Tiny d10: Core Rules

Part I: Character Creation

  1. Choose your character’s race.

Dragonling: +1 power at levels 1, 3, and 5; +1 to intimidate; -1 to all magical spell attacks against the dragonling.

Dwarf: +1 HP per level; +1 to craft; -1 to all natural spell attacks against the dwarf.

Elf: +1 intellect at levels 1, 3, and 5; +1 to spot; +1 damage against evil beasts.

Gnome: +1 reflex at levels 1, 3, and 5; +1 to hide; -1 to all melee attacks against the gnome.

Halfling: +1 PP per level; +1 to sneak; -1 to all ranged attacks against the halfling.

Human: +1 aspect at levels 1, 3, and 5; +1 to persuade; +1 damage against natural beasts.

  1. Choose your character’s class.

Bard: T6; lightweight weapons only; lightweight armor only; +3 PP.

Barbarian: T8; heavyweight weapons & below; no armor; +3 HP.

Cleric: T7; heavyweight weapons & below; mediumweight armor & below; +2 PP; +1 MP; starts with 1 spell.

Druid: T5; mediumweight weapons & below; mediumweight armor & below; +1 PP; +2 MP; starts with 3 spells.

Rogue: T6; mediumweight weapons & below; lightweight armor only; +1 HP; +2 PP.

Sorcerer: T5; lightweight weapons only; featherweight armor only; +4 MP; starts with 2 spells.

Warrior: T7; all types of weapons and armors; +2 HP; +1 PP.

Wizard: T5; lightweight weapons only; featherweight armor only; +3 MP; starts with 4 spells.

  1. Determine your character’s attribute bonuses.

In the order of your preference, assign 2, 1, 1, 0 to power, aspect, intellect, and reflex.

Power (P): a measure of physical and mental strength. Used as a bonus when making melee attacks.

Aspect (A): a measure of spiritual awareness and natural charisma. Used as a bonus when casting natural and divine spells.

Intellect (I): a measure of mental acuity and sharpness. Used as a bonus when casting magical and dark spells.

Reflex (R): a measure of dexterity, speed, and reaction. Used as a bonus when making ranged attacks, or melee attacks with lightweight weapons.

  1. Divide 10 points between hit points and power points.

Hit points (HP): The amount of damage a character can suffer before falling unconscious/dying.

Power points (PP): Can be added (only +1 per roll) to attack, challenge, and check rolls. Must be declared before rolling.

  1. Generate and assign magic points.

Roll 1d10 and use the following table:

Generating Magic Points (MP)

Roll of 1-5

Roll of 6-9

Roll of 10

+4 MP

+5 MP

+6 MP

  1. Record your character’s wealth.

Determined by starting class, character background, and GM.

  1. Complete any remaining sections.

Ensure all sections are completed (abilities and spells recorded, weapon(s) equipped, etc).

Part II: Game Rules

Performing Checks

When there is a risk of failure, a check should be made. A standard check is performed by rolling 1d10 and adding relevant attribute bonuses and/or skill bonuses to the result. The result is then compared to the check’s toughness. A successful roll is equal to or more than the check’s toughness.

A check’s toughness represents all the factors that make a check difficult. To determine toughness, use the following table:

Toughness

T5-T6

Simple toughness. Easy checks like climbing a ledge with large hand holds, or attacking weak opponents like goblins.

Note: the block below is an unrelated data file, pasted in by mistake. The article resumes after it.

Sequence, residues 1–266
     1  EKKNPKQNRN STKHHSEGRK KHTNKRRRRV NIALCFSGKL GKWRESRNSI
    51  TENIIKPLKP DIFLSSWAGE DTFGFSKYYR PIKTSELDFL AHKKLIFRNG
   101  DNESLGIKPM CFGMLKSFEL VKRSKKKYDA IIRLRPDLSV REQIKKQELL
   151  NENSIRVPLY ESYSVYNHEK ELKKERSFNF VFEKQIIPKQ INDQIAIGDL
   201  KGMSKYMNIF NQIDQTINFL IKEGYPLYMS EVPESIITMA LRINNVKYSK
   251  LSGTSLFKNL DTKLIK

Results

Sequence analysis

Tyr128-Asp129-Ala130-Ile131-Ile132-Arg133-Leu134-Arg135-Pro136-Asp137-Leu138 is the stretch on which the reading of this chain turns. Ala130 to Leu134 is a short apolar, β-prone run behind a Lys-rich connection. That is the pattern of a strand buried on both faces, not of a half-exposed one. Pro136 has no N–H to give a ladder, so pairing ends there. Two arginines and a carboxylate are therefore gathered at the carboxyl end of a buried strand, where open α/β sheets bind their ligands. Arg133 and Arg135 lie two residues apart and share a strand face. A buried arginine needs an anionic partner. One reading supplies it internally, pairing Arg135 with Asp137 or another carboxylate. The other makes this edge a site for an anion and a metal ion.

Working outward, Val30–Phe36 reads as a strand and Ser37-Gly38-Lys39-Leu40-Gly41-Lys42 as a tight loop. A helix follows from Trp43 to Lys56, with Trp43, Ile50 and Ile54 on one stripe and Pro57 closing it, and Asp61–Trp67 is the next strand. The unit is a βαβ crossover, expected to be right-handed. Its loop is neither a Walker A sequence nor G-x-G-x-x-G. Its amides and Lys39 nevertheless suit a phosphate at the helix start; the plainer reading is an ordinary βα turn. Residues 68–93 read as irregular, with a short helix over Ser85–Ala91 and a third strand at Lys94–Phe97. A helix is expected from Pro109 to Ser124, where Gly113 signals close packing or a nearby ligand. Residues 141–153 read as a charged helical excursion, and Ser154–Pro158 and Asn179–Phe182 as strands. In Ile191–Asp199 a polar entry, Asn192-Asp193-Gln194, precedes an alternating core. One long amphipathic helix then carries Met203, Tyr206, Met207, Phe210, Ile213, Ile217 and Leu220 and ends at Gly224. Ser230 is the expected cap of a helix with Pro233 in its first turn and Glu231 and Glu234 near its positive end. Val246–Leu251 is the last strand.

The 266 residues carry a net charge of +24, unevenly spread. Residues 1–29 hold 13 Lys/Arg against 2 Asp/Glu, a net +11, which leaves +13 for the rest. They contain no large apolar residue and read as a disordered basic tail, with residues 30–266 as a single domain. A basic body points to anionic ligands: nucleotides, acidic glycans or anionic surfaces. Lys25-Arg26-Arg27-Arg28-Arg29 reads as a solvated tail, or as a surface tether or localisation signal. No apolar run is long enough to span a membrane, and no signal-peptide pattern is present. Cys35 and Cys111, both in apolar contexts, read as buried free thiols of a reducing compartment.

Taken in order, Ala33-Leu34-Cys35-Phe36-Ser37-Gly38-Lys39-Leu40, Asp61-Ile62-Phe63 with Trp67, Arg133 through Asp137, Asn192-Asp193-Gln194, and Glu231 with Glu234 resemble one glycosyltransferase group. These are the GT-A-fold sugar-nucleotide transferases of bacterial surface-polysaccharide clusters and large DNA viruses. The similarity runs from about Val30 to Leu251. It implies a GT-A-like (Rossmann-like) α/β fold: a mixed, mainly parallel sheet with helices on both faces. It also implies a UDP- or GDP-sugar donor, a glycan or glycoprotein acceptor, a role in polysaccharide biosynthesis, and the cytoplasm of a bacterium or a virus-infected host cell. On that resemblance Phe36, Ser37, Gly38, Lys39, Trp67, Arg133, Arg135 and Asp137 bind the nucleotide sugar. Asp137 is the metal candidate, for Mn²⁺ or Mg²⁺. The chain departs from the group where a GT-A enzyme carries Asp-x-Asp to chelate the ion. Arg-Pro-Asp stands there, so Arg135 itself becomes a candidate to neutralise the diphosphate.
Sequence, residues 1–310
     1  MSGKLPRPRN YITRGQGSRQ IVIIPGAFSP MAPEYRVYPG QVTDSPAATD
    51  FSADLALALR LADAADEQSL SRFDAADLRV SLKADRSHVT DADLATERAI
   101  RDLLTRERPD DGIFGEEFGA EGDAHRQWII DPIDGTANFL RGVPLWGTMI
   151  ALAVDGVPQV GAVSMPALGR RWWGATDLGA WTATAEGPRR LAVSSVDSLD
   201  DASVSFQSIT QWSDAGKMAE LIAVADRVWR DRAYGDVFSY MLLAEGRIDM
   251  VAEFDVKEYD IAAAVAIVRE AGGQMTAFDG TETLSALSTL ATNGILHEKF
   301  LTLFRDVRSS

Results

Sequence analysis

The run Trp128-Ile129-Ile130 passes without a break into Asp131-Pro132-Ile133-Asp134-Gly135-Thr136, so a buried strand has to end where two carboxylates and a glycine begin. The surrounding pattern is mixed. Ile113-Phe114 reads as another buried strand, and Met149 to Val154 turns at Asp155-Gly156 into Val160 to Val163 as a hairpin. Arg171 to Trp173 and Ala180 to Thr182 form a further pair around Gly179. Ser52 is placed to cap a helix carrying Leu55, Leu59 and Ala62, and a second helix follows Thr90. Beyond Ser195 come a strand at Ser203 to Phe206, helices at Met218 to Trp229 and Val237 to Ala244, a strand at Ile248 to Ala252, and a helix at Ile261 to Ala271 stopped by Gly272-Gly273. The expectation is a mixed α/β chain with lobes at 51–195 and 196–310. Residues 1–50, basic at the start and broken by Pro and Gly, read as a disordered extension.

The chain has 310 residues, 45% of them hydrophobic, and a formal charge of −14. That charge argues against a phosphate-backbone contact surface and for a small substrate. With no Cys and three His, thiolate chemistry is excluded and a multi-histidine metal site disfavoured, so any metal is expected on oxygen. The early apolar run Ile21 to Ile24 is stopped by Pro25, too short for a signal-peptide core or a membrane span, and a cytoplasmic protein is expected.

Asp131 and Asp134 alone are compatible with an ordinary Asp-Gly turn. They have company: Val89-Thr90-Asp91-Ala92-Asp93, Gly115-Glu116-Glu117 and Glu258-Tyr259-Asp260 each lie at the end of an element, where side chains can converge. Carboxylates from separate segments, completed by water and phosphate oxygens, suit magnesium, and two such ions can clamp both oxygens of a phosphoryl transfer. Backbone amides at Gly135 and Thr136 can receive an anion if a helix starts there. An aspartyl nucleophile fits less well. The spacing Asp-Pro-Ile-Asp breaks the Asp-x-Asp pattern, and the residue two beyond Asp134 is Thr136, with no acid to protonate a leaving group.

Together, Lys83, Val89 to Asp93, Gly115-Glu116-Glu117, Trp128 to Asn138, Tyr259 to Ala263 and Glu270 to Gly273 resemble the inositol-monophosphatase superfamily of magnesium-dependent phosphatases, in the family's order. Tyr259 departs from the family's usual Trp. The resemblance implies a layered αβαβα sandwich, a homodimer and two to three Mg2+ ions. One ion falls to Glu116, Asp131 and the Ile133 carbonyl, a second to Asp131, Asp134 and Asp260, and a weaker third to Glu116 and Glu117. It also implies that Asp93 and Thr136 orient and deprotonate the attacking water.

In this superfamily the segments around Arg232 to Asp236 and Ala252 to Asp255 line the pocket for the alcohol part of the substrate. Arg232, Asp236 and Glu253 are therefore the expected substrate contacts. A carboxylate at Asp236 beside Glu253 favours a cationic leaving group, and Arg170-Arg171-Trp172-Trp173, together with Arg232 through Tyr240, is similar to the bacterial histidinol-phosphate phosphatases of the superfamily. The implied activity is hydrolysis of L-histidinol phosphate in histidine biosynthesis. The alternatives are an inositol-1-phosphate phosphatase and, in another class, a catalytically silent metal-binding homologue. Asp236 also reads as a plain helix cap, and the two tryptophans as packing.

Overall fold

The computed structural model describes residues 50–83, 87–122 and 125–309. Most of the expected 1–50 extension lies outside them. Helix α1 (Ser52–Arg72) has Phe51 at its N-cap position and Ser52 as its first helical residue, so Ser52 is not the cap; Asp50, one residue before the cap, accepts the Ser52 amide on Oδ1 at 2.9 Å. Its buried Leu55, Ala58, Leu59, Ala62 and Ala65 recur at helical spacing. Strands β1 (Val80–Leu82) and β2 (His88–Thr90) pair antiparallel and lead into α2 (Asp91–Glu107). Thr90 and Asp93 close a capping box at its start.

T7-T8

Moderate toughness. Harder checks like swimming against a strong current, or attacking well-armed opponents like castle guards.

T9-T10

Difficult toughness. Challenging checks like sneaking into a well-guarded court, or attacking large opponents like giants.

T11-T12

Extreme toughness. Seriously tough checks like controlling a boat during a gale, or attacking hugely powerful opponents like dragons.

T13-T14

Impossible toughness. Success is unimaginable, requiring superhuman strength and endurance to complete.

Performing Saves

When there is risk of immediate death, dismemberment, or similarly dire consequences, a save should be made. A standard save is performed by rolling 1d10 and adding relevant attribute bonuses and/or skill bonuses to the result. A standard save has a toughness of 5, but certain conditions (like spells, effects, or environmental factors) can change that.

Performing Challenges

When two players attempt the same thing at the same time, a challenge should be made. A challenge is performed by each character rolling 1d10 and adding relevant attribute bonuses and/or skill bonuses to the result. The results are then compared, and the highest of the two succeeds the challenge. In the event of a tie, GMs may decide to roll again, or may settle the tie using a different method.

Combat

Order of combat: Combat begins according to reflex scores: highest first, lowest last. Any ties should be settled by the GM’s preferred method.

Movement in combat: All classes are moderate in speed and may move only up to their maximum speed range per turn. Environmental factors (like storms or difficult terrain) may affect that maximum speed. Explanations of speed can be found in the following table:

Movement Speeds (per turn)

Slow

Moderate

Quick

10-20 feet

20-30 feet

30+ feet

Simplified combat rules:

  • One turn represents roughly 5 seconds.
  • Only 1 attack per turn.
  • Only one move sequence per turn.
  • Less significant actions, like talking, may be done freely.
  • Damage is typically 1, though may be more.
  • Ranged and small weapon attacks use reflex; magical spells use intellect; natural spells use aspect; melee attacks use power.

Combat advantage: Under certain circumstances, a character may receive a +1 attack bonus if they are in an advantageous position. However, if the attack does not succeed, a negative condition may be imposed.

Healing: Standard healing restores 1 HP per successful T6 check (unless the character possesses the heal skill, which succeeds automatically). During combat, an attack action must be forfeit to heal. Out of combat, characters may make 4 heal checks per in-game hour. If characters do not or cannot heal, they automatically heal at a rate of 1 HP per 4 in-game hours.

Dying: At 0 HP, characters are considered immobilized and dying. After 4 turns at 0 HP, they will expire.